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Time is Dwindling To Take Advantage of $5,120,000 Federal Estate and Gift Tax Exemption

October 1, 2012


Unless Congress and the President act before January 1, 2013 (or retroactively thereafter), as of January 1, 2013 the federal estate, gift and generation skipping tax exemption, currently at an all-time high of $5,120,000 per taxpayer, will be reduced to $1,000,000.  Also, maximum marginal estate and gift tax rates, and the generation skipping tax rate, will increase from the current all-time low of 35%, to 55% (or even higher for estates in excess of $11,000,000).  There are still a few months left for clients to take advantage of the $5,120,000 exemption.  A husband and wife can gift a total of $10,240,000 even if the assets being transferred are owned by one of the spouses.  Same sex couples can also use this increased single exemption to transfer assets to each other.  However, for all taxpayers who make gifts of this type, the gifts will reduce the amount of available exemption for later gifts or at death.

In the past several years we have been advising clients on making gifts to take advantage of this perhaps temporarily increased exemption.  Gifts can be made outright to children, grandchildren and other beneficiaries or to trusts for these individuals.  With the use of grantor retained annuity trusts, qualified personal residence trusts, split-interest charitable trusts, gifts of fractional interests in real estate, family limited partnerships and/or sales to a grantor trust, the value of the gift can be discounted for federal gift tax purposes and that shifts greater wealth to beneficiaries.  These techniques also minimize state inheritance and estate taxes, and, in some cases, federal and state income taxes.  Asset protection planning for the client and the client’s beneficiaries is a significant additional benefit to these and other estate planning techniques.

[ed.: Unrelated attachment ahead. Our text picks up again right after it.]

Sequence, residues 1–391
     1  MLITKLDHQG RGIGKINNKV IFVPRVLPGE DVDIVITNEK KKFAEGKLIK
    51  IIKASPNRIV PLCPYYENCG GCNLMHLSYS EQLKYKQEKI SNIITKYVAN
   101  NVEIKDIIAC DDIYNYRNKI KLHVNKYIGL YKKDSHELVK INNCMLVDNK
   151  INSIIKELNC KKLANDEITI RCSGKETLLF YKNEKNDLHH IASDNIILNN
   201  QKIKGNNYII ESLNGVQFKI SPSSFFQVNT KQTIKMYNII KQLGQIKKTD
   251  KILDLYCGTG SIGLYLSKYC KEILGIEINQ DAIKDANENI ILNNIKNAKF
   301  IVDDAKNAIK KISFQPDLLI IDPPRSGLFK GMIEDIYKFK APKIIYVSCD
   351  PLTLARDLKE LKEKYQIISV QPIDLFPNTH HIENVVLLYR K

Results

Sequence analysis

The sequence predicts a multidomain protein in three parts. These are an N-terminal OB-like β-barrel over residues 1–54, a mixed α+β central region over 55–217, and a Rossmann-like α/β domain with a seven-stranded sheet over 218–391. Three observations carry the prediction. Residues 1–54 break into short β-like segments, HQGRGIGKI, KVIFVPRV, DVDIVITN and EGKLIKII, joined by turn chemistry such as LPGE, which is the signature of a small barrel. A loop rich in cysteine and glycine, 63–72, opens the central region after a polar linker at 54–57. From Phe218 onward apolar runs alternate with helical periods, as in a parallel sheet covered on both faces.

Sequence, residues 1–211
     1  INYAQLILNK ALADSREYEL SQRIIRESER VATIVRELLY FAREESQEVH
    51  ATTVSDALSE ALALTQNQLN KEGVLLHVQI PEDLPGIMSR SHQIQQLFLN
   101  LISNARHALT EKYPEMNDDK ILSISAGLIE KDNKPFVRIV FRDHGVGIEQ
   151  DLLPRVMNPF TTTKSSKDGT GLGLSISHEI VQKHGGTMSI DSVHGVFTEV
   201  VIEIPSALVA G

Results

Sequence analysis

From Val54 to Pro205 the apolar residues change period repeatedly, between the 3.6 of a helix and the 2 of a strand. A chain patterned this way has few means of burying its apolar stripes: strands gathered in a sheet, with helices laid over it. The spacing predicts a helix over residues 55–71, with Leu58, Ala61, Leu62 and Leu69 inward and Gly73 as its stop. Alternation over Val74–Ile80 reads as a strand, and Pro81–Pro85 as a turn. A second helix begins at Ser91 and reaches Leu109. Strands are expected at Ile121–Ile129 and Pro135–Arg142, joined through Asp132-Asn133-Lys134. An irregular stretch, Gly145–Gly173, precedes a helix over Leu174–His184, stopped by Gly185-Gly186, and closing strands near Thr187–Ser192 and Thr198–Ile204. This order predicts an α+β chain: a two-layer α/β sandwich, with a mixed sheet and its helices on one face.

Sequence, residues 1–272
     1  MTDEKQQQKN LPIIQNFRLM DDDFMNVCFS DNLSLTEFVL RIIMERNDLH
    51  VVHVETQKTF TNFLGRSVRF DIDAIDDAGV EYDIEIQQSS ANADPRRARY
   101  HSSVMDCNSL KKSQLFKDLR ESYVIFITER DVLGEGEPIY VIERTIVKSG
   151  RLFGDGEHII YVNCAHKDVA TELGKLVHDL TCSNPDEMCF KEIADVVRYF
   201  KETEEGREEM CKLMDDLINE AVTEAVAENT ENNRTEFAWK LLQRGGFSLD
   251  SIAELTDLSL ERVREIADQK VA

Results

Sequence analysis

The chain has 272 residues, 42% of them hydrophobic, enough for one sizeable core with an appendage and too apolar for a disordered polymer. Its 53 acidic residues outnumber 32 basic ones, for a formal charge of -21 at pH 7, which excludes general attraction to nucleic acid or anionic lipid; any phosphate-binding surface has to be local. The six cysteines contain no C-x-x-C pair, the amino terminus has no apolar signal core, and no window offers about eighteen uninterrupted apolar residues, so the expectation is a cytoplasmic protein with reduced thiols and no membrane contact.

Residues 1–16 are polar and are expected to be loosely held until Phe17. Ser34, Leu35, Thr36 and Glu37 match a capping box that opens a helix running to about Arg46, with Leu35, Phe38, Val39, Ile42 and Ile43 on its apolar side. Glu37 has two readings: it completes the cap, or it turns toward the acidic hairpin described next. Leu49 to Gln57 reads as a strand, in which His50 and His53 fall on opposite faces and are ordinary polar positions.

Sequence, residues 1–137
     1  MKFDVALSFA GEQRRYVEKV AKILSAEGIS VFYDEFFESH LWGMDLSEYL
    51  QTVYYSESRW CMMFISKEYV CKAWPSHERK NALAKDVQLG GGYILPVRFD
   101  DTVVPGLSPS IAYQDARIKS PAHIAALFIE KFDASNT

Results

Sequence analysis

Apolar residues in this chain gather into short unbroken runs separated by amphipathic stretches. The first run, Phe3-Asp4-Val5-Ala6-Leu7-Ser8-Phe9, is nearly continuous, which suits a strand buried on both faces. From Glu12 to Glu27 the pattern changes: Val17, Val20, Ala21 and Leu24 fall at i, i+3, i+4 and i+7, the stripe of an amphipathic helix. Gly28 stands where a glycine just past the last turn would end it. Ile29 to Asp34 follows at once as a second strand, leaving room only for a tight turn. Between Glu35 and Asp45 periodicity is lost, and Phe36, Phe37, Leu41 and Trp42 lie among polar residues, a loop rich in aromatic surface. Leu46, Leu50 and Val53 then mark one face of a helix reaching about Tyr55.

Please contact any member of Montgomery McCracken’s Trusts and Estates Practice if you would like to discuss this perhaps limited-time opportunity to reduce or eliminate federal and state estate and inheritance taxes or to discuss any other aspect of your or your clients’ estate planning.